EE: STILL Blighty's best mobe network, says 'Frappucino' Moore
Fresh round of network stats fisticuffs possibly on the cards here
EE is still the best mobile network in the UK, but the others are catching up and Three is the one to watch.
This is the conclusion of the latest report from RootMetrics the mobile survey company which regularly looks at UK mobile coverage and is headed by Bill ‘Frappuccino’ Moore.
The previous survey descended into a war of words with Vodafone. The Newbury-based company has responded to the latest survey, saying:
Regular independent testing of our network shows that our customers are experiencing a significantly improving network every day due to our massive ongoing investment. We are spending £1 billion on our network and services this year alone to improve mobile coverage and network quality across the UK. We are modernising the network with the very latest technology, building thousands of new outdoor sites and deploying hundreds of indoor coverage solutions. This investment has already delivered an improved service for customers across the country and we expect their experience to get significantly better as the momentum of our Project Spring investment, combined with our better quality spectrum, accelerates over the next year.
Rootmetrics covered 25,000 miles split between urban (13,700) and rural (11,300) roads, although its definition of urban is a little generous as their map of London extends well beyond the M25. More than 920,000 test samples were collected while driving and at more than 1,200 indoor locations.
The cities surveyed were Birmingham, Bristol, Coventry, Hull, Leeds & Bradford, Leicester Liverpool, London, Manchester, Newcastle, Nottingham and Sheffield in England, Belfast in Northern Ireland, Edinburgh and Glasgow in Scotland, and Cardiff in Wales.
While not fully showing its working RootMetrics gives each network a “RootScore” and says that for the latest survey EE earned the highest Overall RootScore at 88.1/100; this was followed by Three (84.3), O2 (78.6), and Vodafone (77.8).
RootMetrics says that “Mobile internet performance in the UK is currently a two-horse race, with EE (85.5) ranking first and Three closely following (82.7). O2 (68.1) and Vodafone (67.0), meanwhile, each delivered improved RootScore results compared to the previous UK study. EE also came out on top for call and text performance, though all four networks showed strong results in both categories.”
An important part of the RootMetrics methodology is that it uses un-rooted, shop bought phones which it claims gives a more accurate user experience. The company says that it looks to find the best handset for each network.
The findings show that while EE still has an advantage as an historic consequence of having an early run at LTE, and has “double speed” 4G using carrier aggregation, the other networks are building out fast and catching up.
RootMetrics measures text and call performance by looking at how easy it is to get a signal and how good the networks are at hanging onto a call and found that. Vodafone moved up from last place in the second half of 2013 to tie with O2 for second place in the call category this time around. Whilst Three did well in the other categories, it moved down to last place in call performance. RootMetrics doesn’t say how it balances accessibility and reliability but we believe it to be 50:50. What isn’t measured is voice quality as we previously noted.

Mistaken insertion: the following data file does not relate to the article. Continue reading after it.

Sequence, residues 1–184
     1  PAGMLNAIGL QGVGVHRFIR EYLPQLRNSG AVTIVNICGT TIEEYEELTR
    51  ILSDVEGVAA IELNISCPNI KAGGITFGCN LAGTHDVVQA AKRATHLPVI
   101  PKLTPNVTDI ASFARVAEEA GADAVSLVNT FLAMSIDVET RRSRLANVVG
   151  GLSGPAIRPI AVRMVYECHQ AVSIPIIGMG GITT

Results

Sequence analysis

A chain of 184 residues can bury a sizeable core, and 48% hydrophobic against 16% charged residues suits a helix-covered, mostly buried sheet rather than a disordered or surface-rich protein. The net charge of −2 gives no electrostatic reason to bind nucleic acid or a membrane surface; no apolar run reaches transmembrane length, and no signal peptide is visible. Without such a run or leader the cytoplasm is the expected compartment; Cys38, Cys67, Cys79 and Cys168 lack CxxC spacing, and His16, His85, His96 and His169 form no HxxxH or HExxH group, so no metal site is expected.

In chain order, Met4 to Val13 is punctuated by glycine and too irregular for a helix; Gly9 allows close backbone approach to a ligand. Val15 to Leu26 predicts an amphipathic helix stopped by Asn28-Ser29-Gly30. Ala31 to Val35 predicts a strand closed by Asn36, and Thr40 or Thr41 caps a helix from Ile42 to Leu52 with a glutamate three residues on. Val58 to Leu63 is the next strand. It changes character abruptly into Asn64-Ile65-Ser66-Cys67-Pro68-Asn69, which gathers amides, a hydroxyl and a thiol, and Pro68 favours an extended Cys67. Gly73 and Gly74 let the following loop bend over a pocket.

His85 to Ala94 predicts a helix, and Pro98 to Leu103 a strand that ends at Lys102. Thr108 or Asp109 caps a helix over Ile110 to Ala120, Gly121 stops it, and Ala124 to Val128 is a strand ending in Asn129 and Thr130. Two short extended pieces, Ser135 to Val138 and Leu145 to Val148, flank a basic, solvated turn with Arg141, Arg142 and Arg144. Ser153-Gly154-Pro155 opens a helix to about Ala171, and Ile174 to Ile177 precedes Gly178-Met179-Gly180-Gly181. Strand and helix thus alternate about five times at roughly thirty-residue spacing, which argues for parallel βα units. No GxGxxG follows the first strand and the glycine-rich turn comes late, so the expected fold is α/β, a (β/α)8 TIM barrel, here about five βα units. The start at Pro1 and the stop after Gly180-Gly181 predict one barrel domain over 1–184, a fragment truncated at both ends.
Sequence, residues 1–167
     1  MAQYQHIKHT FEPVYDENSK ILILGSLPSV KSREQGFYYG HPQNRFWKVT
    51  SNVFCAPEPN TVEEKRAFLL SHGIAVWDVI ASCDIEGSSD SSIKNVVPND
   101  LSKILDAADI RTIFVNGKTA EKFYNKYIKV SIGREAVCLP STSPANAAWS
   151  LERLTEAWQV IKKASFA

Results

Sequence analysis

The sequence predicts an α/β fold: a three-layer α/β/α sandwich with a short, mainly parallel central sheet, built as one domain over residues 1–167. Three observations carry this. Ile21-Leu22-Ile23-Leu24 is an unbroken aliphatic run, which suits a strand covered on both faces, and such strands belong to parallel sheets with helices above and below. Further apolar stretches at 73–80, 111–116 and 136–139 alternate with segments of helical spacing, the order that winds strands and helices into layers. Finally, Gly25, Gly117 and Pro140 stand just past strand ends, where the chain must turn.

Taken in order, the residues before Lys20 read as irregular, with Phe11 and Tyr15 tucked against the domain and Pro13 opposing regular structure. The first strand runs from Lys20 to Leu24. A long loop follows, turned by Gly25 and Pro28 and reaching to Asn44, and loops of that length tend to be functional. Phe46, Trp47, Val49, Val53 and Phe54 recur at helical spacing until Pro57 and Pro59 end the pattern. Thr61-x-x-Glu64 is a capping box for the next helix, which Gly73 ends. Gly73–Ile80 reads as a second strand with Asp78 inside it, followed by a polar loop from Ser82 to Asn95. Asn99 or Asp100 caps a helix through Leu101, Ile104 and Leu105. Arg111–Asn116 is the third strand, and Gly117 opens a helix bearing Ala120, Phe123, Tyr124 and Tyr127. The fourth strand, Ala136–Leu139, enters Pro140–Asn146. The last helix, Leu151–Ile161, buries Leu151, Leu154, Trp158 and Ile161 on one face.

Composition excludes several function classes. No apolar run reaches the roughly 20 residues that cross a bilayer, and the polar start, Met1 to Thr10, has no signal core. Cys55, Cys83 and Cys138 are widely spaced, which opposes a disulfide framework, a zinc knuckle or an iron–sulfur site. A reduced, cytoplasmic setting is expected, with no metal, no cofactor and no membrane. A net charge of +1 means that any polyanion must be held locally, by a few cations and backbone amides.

How fast does it go mister?
With all the data expressed as RootScores there are no figures for absolute speed or which networks are used. This is particularly important if you are trying to understand if it’s worth upgrading to 4G and only around 10% or the UK population has. Without knowing if your network is sacrificing 3G coverage to promote 4G you can’t rely upon the RootMetrics data to make a buying decision. Using customer phones is all very well but without access to the Layer 3 radio data you don’t really know what is going on. If the call never leaves the handset is it fair to mark down the network or is it an accurate reflection of the consumer experience?
Rival testers argue that they often look at the data underlying an effect and reject it from the mix as being misleading.
RootMetrics is coming under pressure from a number of other testing options. The German company P3 will be conducting a UK mobile coverage test in October, unlike the RootMetrics testing this is done with operator buy-in,P3 polls the networks with its methodology before commencing the testing. P3’s managing director Hakan Ekmen told El Reg that the P3 method was “The Standard in the market and accepted”, as a clear and transparent process.
P3 builds it's own test equipment and stuffs it in cars
Both P3 and US testing company GWS take issue with the RootMetrics approach of twenty four hours testing pointing out that networks do maintenance in the dead of night and it’s not a realistic way to measure performance. GWS tests from 6am to 9pm and P3 from 8am to 8pm.
Both GWS and P3 look at voice quality and give absolute figures for download speeds. P3 uses equipment it makes itself and operates in 57 countries, with a few of those being done by operator customers but the vast majority being P3 operated. CEO of GWS, Dr Paul Carter described the RootMetrics testing as "A bit of fun", but not serious engineering.
Dr Paul Carter of GWS, talking to The Register
GWS, meanwhile, is a major player in the US where it does a huge amount of testing for the US networks. The Register has also been working with GWS on a special project. More very soon. ®
Neither GWS nor P3 have any expertise in coffee-based beverages to rival that of RootMetrics, as far as we know.
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